It’s amazing, isn’t it? You’d think great musicians grew up all normal but with exceptional musical abilities. But in actuality, a lot of them have impairments that could have stopped them from becoming great. Beethoven was deaf and is an excellent example of how anyone can overcome such a grave challenge and, in fact, use it for the better. Boy, did he use it! Eric Clapton, Sting and Bono? Also hearing-impaired.  Andreas Bocelli, Stevie Wonder and Ray Charles? All blind.

It’s like wonderful armless painters who have found a way to use their mouths and feet,  painting their obra maestras. It’s like Stephen Hawking using his genius mind over his physical matters. Or how about Nick Vujicic? No arms, no legs, no problem. He’s become one of the most influential life speakers of today…

Oh, but here,  we go back to music. I thought I’d share this TED Talks session to you (I told you I like TED Talks).

In this soaring demonstration, deaf percussionist Evelyn Glennie illustrates how listening to music involves much more than simply letting sound waves hit your eardrums.

It’s a very enlightening and entertaining talk. I’m pretty sure you’ll like it and her, too. I wish I could actually see this wonderful artist perform!


Hope you guys enjoyed that and learned a thing or two. If you have similar talks to share, please share. I love listening to stories of triumph like this 🙂


Spot the Difference #atozchallenge2014

We like to think that we’re all good people, right? Until we are faced with those who are different. How do we react? Do we think they can’t do stuff at all? Do we discriminate?…We do this because we like to think we are better. Not so good of us, is it?

We often call them disabled. The right, more politically correct term nowadays would be DIFFERENTLY ABLED. Or the more accepted term Persons with Disability (PWDs). I personally don’t think the word “disabled” is derogatory or discriminatory, but because a lot of people have made it seem so, I believe that “Differently Abled” and “PWD” are, really, more correct.

They only have abilities different from ours, the supposedly “abled” people, but it doesn’t mean they cannot do anything. In fact, there are lots of them who proved themselves to be quite able in things that we aren’t or can’t do ourselves physically or mentally.


Nick Vujicic doing what he does best, motivational speaking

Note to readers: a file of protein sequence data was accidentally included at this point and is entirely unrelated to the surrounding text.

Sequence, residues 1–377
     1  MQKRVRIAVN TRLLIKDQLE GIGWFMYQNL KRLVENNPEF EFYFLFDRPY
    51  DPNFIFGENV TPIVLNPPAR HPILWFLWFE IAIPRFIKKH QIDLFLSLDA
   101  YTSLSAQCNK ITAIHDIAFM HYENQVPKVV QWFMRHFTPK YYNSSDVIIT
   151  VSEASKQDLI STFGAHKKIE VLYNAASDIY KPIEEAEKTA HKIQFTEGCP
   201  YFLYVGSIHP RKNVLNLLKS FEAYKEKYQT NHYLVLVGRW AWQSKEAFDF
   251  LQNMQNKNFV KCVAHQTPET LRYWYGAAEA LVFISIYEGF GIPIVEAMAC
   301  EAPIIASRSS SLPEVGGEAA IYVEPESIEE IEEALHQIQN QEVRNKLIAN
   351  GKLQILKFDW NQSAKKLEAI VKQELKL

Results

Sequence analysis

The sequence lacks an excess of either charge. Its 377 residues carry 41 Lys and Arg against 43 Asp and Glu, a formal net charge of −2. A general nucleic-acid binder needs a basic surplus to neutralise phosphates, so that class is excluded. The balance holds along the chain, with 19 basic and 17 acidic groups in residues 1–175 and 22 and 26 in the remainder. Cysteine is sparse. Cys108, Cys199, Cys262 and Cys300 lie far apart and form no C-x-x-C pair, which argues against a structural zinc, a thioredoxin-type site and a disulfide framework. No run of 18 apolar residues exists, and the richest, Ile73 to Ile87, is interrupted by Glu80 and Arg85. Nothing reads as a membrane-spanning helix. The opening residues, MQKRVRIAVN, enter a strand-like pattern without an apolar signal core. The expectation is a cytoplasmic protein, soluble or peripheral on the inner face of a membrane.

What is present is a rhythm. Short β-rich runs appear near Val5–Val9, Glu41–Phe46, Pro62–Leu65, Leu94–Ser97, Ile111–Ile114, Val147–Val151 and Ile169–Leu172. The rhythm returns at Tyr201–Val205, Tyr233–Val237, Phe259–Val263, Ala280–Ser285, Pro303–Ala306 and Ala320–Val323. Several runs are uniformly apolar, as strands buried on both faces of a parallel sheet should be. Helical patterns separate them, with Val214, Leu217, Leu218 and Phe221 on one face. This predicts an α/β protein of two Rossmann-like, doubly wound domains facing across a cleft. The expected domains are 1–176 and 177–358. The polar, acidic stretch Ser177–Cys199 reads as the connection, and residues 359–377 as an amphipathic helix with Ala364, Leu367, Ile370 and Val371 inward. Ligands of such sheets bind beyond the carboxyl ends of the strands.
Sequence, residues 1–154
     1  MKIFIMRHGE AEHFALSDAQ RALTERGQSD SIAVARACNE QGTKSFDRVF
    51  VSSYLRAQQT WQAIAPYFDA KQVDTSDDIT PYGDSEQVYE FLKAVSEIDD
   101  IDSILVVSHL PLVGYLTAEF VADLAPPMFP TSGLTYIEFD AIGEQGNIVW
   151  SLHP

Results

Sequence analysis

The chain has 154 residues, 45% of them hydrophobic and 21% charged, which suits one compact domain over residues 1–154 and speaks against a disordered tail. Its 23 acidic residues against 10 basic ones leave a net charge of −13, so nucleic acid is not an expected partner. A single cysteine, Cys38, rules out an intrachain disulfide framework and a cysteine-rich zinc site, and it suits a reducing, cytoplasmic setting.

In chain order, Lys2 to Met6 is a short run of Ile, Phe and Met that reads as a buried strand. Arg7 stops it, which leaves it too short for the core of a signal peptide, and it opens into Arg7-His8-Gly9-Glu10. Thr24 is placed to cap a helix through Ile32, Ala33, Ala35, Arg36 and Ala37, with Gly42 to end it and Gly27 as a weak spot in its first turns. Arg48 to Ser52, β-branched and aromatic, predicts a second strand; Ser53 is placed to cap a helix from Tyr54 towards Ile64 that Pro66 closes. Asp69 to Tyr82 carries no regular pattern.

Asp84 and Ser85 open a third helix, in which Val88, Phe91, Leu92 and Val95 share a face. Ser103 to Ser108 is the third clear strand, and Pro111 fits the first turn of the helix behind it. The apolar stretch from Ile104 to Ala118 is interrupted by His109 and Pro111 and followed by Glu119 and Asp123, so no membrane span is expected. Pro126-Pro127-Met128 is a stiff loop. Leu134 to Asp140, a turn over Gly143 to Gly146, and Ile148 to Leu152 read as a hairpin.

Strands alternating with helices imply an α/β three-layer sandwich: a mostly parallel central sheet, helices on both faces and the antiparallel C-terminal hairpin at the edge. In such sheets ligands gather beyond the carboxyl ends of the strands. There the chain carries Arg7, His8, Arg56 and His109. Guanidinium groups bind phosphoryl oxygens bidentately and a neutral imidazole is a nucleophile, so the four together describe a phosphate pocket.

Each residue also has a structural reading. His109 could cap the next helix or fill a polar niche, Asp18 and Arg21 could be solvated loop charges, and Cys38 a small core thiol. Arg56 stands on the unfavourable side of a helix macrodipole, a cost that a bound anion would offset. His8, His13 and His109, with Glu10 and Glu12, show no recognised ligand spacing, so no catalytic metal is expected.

Like Australian Christian Evangelist Nick Vujicic who was born without all the four limbs we all too often take for granted (he is the founder of the non-profit organization Life without Limbs, by the way). You don’t need to be a Christian to be able to understand him, even relate to him one way or another. He is a motivational speaker and when he speaks, you can’t help but think, oh yeah, he’s so right-on. He’s very funny and entertaining, too. And he can swim.

Now here I am. I am not sure if I have ever positively motivated anyone, I have stage fright that I can’t even be funny onstage, and I can’t swim to save my life! It’s not to downplay my own abilities. I’m just saying he’s just differently abled from myself. Given my own lack of talent in certain things, I guess I — all of us — can be considered differently abled as well, depending on what aspects.

It just makes me think that if we were all able to do the same things, life would either be too boring or we’d all be chaotically (is there such a word?) scrambling to try to be the best when no one can really be the best. And it makes me think that if Nick was born quite normal by our standards, I wonder how many people he could’ve inspired. Chances are, not as many as he has actually inspired today, with no limbs and all. He’s got many vids in the YouTube-sphere, so if you want to understand what I mean and see him in action, try to check them out.

We can really cite various other inspirational people who have proved that disability is not a factor in failure or success. One just has to find the right thing for himself/herself.

In fact here’s another wonderfully different person whose TEDx talk inspired me recently and who actually inspired this topic. She is Maysoon Zayid, an Arab-American born with cerebral palsy and, thankfully, a very good sense of humor. I just found out about her and reading about her credentials, especially her advocacy work, I am already impressed. I like her already!

To Nick, Maysoon and those others fighting the good fight, I salute you! Long live!